In the early stages of drug development, scientists seek to identify (and weed out) compounds that could prove harmful to the brain and nervous system. However, current tests for this are not reliable, meaning that sometimes toxicities are only identified when the first human volunteers test a new drug in clinical trials. The aim of NeuroDeRisk is to deliver a comprehensive toolbox of tools and data that would make it easier for researchers to assess whether or not a compound is likely to be toxic to the brain and nervous system, long before the first tests in humans. They will focus their efforts on three of the most challenging effects: seizures, psychological / psychiatric changes, and peripheral neuropathies (in which the nerves in the extremities are damaged resulting in symptoms such as numbness, tingling and pain).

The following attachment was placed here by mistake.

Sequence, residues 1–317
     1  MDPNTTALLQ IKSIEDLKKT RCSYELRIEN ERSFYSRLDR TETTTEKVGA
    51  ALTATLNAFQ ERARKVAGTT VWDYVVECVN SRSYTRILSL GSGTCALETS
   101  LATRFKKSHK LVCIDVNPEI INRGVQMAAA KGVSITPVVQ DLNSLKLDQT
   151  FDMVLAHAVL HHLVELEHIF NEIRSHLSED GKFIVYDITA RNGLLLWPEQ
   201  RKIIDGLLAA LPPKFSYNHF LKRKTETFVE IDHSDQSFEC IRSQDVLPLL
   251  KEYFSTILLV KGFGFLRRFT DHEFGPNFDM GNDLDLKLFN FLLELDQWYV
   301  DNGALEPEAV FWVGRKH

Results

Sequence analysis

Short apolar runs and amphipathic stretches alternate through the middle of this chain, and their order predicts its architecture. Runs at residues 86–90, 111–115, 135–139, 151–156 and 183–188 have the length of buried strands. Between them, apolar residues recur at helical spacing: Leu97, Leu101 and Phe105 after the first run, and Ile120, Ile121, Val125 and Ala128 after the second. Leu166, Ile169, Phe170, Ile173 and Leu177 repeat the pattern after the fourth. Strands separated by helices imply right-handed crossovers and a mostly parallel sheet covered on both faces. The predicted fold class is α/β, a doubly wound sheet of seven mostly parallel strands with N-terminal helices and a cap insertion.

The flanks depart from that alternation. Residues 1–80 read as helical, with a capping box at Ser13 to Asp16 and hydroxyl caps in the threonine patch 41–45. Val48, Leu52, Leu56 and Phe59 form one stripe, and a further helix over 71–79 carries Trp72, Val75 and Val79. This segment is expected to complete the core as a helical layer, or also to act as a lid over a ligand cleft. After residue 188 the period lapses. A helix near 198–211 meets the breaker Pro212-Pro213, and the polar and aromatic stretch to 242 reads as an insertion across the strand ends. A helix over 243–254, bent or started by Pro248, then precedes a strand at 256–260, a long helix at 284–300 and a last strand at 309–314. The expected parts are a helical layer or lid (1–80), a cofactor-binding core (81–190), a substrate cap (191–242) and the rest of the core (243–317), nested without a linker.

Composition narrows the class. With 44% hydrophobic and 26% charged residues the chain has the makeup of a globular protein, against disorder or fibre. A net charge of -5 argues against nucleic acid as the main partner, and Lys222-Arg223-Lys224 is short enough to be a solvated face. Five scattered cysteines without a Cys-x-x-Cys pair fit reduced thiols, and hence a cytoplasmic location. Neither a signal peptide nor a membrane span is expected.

They will collect, organise and build on our current knowledge of the adverse effects of drugs on the nervous system. They will also develop new and improve existing tools to predict neurotoxicity, with an emphasis on approaches that are in line with the ‘3Rs’ principles to reduce, refine and replace animal use. Finally, they will organise all the tools and associated data in a comprehensive, integrated toolbox that researchers will be able to use to aid decision making during the early stages of drug development. Ultimately, the results of the project will help to make clinical trials safer for human volunteers. They will also make drug development more efficient, as scientists will not waste time studying compounds that prove to be toxic to vital organs.